Nothing sounds as simple as packing a suitcase for a trip abroad, however when you pack the same case week in week out, it becomes a skill worth learning to make sure you are comfortable and well prepared for whatever your journey brings. Generally speaking, you can perform this task with your eyes closed, but if you want to create a measure of comfort and ease about yourself in a world that has you visiting lots of different destinations with degrees of change and variety, the one thing you want to rely on is the fact that you can make it all that bit more comfortable for yourself wherever you may be. Packing is not new and we all have our preferences of how we get it done – these are my tips on how to pack with minimum effort and maximum efficiency for your career in the sky.
Plan your packing
Planning your packing supposes you have a plan of what you intend to do at your destination. This is a good starting point. While you don’t have to become a weather expert, keeping an eye on the weather can help prevent mishaps like packing for summer weather, only to land into freezing temperatures. The ground rule is only take what you need and see if anything you do pack can have a dual purpose. The idea is to get maximum use of what goes in the suitcase by using as little space and weight as is possible. You don’t have to become a clothes peg or a fashion icon but putting a bit of thought into what you intend to wear while away can help you match and marry your clothes choices without picking single use items and finding you run out of space. My top insider tip is to always pack your case three quarters full so you always have space for shopping or any other purchases that take your fancy.
In the spirit of the Boys Scout motto of always being prepared, it is a good idea to pack some items of a winter wardrobe, because you never know when a planned trip gets cancelled and crew control has you going to another part of the world with the opposite weather you were expecting.
I’m also a fan of the Guerrilla Warfare principle when travelling. Simply put, when fighting in harsh jungle terrain it was impossible for armies to bring everything they needed with them. They made do with what they could get hold of in the theatre of war…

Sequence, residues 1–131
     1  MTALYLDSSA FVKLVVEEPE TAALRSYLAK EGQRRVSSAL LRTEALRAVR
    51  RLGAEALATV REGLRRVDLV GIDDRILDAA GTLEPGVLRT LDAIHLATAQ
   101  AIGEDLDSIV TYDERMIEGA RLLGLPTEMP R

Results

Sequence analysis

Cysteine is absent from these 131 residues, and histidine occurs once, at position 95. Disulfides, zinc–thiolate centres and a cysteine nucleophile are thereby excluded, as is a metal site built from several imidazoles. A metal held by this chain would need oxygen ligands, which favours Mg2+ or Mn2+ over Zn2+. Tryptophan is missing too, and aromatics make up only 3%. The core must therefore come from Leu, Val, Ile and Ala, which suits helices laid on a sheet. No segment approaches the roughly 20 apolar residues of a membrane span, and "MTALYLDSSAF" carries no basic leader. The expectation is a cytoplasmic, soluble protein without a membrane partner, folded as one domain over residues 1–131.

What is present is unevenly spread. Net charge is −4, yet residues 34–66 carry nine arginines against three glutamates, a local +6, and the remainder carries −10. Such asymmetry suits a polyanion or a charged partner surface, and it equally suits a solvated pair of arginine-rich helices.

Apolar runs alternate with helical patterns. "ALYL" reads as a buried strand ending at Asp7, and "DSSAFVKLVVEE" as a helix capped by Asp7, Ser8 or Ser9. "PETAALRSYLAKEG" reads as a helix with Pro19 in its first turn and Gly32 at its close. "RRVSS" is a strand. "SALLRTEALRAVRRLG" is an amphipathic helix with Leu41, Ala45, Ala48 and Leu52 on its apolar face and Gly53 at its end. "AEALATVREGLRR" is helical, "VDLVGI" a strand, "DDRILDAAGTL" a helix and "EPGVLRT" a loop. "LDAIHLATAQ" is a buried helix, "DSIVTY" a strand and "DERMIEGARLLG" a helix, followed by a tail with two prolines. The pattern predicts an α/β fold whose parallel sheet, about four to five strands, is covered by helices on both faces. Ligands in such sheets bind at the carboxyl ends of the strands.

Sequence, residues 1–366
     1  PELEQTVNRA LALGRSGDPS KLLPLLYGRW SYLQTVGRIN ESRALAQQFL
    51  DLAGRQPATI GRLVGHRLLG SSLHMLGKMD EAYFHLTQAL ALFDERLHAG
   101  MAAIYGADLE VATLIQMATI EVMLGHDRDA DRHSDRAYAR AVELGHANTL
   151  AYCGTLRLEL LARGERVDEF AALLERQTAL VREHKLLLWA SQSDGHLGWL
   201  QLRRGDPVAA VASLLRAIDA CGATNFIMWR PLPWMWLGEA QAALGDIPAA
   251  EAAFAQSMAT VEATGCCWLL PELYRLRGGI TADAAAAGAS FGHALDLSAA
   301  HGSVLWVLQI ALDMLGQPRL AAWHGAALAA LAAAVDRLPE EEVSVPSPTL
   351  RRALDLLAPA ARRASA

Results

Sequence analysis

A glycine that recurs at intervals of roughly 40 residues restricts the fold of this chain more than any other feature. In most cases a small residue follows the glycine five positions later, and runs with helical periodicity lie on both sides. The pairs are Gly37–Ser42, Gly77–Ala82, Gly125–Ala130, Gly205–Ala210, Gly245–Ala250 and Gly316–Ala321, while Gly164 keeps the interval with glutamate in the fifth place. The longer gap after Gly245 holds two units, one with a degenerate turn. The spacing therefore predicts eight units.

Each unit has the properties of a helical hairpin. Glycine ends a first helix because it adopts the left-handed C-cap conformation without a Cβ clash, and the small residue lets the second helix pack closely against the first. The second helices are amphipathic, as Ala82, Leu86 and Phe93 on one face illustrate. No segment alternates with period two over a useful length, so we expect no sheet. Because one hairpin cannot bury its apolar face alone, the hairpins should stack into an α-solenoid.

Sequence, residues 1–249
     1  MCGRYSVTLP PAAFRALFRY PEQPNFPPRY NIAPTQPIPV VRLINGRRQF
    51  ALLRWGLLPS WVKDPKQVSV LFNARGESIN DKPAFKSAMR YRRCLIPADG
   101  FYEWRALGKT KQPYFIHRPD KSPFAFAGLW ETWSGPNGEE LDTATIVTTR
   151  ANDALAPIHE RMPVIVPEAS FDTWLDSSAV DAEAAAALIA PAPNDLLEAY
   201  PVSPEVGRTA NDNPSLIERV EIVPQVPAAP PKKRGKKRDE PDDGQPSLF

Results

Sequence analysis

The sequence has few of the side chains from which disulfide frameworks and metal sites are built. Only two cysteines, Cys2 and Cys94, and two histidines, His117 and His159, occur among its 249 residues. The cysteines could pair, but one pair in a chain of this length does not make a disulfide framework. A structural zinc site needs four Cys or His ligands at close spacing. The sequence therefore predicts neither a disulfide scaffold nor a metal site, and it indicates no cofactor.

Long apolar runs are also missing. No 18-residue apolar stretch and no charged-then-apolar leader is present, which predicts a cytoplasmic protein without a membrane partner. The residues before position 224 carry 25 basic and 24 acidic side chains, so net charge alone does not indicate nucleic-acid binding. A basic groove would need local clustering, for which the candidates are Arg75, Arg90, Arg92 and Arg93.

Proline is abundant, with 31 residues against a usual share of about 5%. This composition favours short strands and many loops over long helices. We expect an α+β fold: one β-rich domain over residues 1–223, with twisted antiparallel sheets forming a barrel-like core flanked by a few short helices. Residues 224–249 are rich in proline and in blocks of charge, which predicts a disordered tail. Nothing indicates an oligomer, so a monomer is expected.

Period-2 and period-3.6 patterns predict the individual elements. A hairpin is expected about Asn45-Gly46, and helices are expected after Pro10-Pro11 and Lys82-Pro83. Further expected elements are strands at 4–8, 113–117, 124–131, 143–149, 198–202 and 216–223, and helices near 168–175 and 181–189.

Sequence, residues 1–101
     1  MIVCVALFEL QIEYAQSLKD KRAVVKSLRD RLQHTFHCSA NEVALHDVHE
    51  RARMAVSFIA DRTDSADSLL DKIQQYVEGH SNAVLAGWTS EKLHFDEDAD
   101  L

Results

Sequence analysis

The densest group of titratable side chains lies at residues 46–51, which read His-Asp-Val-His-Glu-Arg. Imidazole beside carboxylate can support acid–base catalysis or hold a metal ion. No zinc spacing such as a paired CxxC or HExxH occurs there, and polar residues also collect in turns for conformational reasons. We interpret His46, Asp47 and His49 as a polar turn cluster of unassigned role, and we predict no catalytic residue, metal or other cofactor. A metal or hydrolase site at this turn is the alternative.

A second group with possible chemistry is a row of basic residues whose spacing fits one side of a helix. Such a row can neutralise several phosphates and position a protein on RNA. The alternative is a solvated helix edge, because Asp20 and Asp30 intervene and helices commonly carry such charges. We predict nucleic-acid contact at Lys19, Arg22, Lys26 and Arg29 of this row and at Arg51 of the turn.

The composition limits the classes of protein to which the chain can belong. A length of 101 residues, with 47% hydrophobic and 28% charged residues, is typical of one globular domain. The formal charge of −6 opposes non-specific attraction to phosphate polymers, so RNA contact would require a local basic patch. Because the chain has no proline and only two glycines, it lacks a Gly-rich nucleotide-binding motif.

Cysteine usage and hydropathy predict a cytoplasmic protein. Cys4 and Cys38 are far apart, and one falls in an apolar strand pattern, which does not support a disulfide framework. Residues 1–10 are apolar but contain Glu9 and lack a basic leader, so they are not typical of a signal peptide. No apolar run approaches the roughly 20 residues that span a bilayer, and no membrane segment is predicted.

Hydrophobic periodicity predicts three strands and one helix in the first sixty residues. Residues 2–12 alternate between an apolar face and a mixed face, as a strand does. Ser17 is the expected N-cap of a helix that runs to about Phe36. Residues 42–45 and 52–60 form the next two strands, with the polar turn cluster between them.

So how does that apply to you packing?
Pack as best as you can, but realise you don’t have to take everything and the kitchen sink with you – leave stuff at home and buy what you need while away (not only will you be able to pack lighter, but you will also be contributing to the local economy). Often times it can also be an excuse to meet locals while exploring the local area.
Some of the simpler tips include:
Doubling up on certain items you use at home and away. For instance, I take supplements regularly so I always buy them in pairs, one for the bathroom cabinet at home and one for my suitcase. This means I don’t have to keep transferring items from bathroom to suitcase trip to trip, something I’m likely to forget to do when other things vie for my attention.
Choose a hard case or soft case – People often ask which is better. I prefer hard cases if it has to travel in the hold and soft luggage if I’m taking it into the cabin with me. The trick is to pack as few valuables in your hard case as possible and keep allowed valuables with you in cabin under lock and key.
A word of caution
When packing, depending on where in the world you may be it pays to check and make sure you are not “importing”any contraband goods into the country. When I say contraband I mean anything from paracetamol to magazines and much more. Local rules and customs must be respected by passengers and crew. Airlines themselves may have procedural ways of updating the crew on what the latest requirement is, but if not, the Foreign and Commonwealth website will normally have updated information on what is and isn’t allowed.
A true story for those of an excitable nature – don’t forget to pack for short trips. When I started flying my first night stop trip was a Dusseldorf split-duty (last trip out of London and the first one back early the following morning). We got into Dusseldorf and the crew decided to meet for a quick social gathering in the bar on the bus to the hotel. On getting to the hotel, I got my key, went up to my room to change and meet the crew downstairs. Imagine my disappointment when I opened my night stop bag only to realise in my excitement about my first night stop, I’d forgotten to pack a change of clothes! I didn’t make it to the bar, but the crew found it humorous the following morning.
Christopher Babayode is a former flight attendant of 20 years with British Airways, a specialist in Travel Wellness and healthy jet lag solutions for those who travel often. He is the author of Farewell Jet Lag, Cures from a Flight Attendant (on Amazon UK & US). Chris has been featured in the Sunday Telegraph and is a most -read author on Quora the questions and answers platform.
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